A recent case in the South Australian Supreme Court illustrates many examples of the traps that lurk in business sale contracts and forms a double barrelled lesson for accountants both in relation to dealings with their clients who might be grappling with earn-outs in a sale, and in relation to a possible future sale of their own practice.
The case* revolved around the sale of an accounting business by an accountant (Mr Robinson) to a larger practice, part of which included an earn-out component. The earn-out payment was dependent on fees achieved after the sale.
As is often the case in earn-out environments, arguments emerged after the sale. The buyer refused to pay interest under the agreement, and Mr Robinson then attempted to terminate the agreement on the basis of the breach. Crucially, Mr Robinson’s aim was to reverse restraints of trade that had formed part of the initial sale transaction so that he could deal with his clients again, given the breach of the sale agreement by the buyer.
The Court found that even though the buyer was in breach of the agreement by failing to pay interest, the restraints should be upheld.
Mr Robinson admitted to being “bewildered” and “devastated by the outcome”.
“I think I have been totally hard done by” he said.
Mr Robinson’s comments throw an interesting light on a number of key aspects of this case:
- The Importance of getting earn-out clauses drafted right
Earn-out clauses are complex. Simplicity and clarity are key to making sure the parties are clear on how results will be determined and agreed between the parties. When not drafted correctly, these clauses can form the fodder for costly disputes down the track.
If you are involved in any way in the preparation of formulas or any other accounting aspects of an earn-out approach, you are at risk of becoming involved in the dispute yourself if an argument emerges.
Even though you might feel that this is the domain of your client’s legal representative, be aware that you are also exposed if something goes wrong: Clients will often look to all advisers who have been involved. Therefore it is in your best interests to ensure that your client is getting the best advice possible!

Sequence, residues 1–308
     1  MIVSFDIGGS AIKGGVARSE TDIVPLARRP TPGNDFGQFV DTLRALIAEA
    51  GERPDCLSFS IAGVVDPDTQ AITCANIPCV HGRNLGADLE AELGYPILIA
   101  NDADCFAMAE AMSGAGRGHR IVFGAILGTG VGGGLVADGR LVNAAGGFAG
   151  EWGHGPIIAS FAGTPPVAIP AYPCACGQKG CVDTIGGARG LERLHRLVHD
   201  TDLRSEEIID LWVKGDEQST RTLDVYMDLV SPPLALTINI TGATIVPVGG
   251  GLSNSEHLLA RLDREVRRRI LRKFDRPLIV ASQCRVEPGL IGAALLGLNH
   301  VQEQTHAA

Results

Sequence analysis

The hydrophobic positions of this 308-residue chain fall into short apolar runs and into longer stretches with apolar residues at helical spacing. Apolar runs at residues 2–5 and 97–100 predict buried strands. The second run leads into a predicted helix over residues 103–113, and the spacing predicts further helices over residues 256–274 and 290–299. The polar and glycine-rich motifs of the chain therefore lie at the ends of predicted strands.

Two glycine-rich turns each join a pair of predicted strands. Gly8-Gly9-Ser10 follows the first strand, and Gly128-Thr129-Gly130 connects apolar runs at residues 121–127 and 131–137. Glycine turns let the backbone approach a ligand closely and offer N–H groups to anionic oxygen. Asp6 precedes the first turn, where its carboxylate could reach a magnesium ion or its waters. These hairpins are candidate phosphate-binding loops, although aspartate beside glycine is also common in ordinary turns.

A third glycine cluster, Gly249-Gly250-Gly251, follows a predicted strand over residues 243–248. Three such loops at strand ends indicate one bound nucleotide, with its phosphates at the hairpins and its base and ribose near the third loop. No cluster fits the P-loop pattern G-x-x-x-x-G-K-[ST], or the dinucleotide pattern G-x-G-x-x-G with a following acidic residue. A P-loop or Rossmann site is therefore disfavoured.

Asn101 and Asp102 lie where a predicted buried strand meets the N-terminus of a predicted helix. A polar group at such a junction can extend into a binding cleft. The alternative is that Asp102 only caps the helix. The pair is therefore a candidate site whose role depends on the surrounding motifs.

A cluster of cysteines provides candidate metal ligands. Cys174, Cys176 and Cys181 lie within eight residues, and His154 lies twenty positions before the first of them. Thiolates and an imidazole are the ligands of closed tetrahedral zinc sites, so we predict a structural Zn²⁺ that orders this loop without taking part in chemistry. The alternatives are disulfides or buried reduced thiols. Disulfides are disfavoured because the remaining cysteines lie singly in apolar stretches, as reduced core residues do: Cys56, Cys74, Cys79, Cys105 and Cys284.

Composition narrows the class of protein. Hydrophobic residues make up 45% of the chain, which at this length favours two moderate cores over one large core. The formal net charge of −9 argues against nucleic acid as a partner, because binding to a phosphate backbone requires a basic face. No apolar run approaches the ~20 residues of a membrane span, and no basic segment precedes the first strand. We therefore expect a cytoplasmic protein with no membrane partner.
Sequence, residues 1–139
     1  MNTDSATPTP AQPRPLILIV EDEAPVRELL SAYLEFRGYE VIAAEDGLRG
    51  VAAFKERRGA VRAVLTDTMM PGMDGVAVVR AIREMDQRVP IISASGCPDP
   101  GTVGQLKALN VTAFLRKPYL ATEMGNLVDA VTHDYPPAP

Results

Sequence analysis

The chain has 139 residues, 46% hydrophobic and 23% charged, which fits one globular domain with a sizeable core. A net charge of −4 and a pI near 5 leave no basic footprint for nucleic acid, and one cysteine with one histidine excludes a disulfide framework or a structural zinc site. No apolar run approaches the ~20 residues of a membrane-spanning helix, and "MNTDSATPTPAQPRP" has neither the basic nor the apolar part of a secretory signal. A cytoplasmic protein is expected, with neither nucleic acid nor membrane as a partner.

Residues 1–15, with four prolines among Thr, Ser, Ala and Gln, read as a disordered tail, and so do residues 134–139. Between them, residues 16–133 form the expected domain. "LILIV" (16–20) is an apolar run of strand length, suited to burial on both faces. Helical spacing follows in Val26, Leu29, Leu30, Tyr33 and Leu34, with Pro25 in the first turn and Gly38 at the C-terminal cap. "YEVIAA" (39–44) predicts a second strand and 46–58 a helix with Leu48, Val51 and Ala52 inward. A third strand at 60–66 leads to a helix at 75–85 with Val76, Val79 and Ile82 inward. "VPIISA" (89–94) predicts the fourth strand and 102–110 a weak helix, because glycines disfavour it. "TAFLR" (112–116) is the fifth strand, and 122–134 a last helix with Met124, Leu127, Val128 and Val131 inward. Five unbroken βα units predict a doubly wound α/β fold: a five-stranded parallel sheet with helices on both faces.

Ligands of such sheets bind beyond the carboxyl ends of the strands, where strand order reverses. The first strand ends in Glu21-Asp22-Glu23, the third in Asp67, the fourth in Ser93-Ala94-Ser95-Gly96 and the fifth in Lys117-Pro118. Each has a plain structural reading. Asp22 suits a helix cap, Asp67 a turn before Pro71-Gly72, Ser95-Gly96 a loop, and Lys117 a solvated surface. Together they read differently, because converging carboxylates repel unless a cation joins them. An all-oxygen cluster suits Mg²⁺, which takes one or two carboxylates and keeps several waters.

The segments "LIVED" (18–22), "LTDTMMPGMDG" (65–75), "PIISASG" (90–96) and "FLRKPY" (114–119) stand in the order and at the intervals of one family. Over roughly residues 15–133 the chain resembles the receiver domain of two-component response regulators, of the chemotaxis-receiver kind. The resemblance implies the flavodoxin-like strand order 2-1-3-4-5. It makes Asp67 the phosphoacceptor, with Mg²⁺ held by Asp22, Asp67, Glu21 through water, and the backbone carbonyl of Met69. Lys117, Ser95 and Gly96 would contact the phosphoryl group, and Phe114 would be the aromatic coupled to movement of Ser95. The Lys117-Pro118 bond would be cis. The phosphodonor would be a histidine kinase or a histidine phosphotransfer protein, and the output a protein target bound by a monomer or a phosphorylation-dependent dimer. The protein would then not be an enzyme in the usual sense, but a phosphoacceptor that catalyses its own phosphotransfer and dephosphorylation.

- The importance of getting the RIGHT advice
After the judgement was handed down, Mr Robinson lamented that “the [sale] contract was drawn up by the other party’s solicitors and it didn’t reflect, in [his] opinion, what the parties had agreed to”.
This suggests one of two alternatives: Either he didn’t get its own legal advice on the sale contract, an incredibly risky move, particularly when dealing with a sale environment that included difficult legal considerations such as how an earn-out arrangement and restraints should work.
Or, he didn’t get the right advice. We often see the fall out from sale and acquisition matters that have been dealt with by solicitors not used to dealing in this area of law. The issues relating to sales and acquisitions are specific and often unique to this area of law. Often a general practice lawyer will not understand the nuances of a particular drafting approach to an earn-out provision, or might simply kill a deal by taking an uncommercial approach.
- The cost of litigation
Finally, this case illustrates the many costs of litigation.
Mr Robinson would have been the likely loser of hundreds of thousands of dollars in lost interest payments, a lost ability to re-establish a revenue base from his clients, and in an exorbitant amount of legal fees. However, his choice of phrase about his devastation at the outcome points to something more – the emotional toll of litigation.
Litigation can be incredibly time consuming, exhausting and, as Mr Robinson learnt, devastating. The value of getting the right advice at the beginning, to help avoid the likelihood of disputes down the line, isn’t just quantified by the hundreds of thousands of dollars in loss and costs that might be avoided, but also by the sleepless nights it might save.
This is a timely reminder for accountants who may be involved in helping to create or negotiate the formula to be used for earn-out provisions for their clients, or any other aspect of a business sale or purchase, to ensure that they are seeking the right legal advice from the beginning.
If you have clients that are considering the future sale of their business, or purchase of a target business, we are happy to meet with you and them to discuss the approach together. Our first meeting is free. And our aim is to ensure that we help you, and your clients, to be aware of the areas of risk in these transactions from the start – and get a handle on how best to deal with those risks.
Click here now to book in a time for a free telephone discussion with us in relation to your client’s situation, or to discuss how we can help provide you with tools and resources to assist your clients preparing for these types of transactions. Or email us here if you would like us to directly contact one of your clients, or if you would like to arrange a face to face meeting.
* Richmond v Moore Stephens Adelaide Pty Ltd  SASCFC 147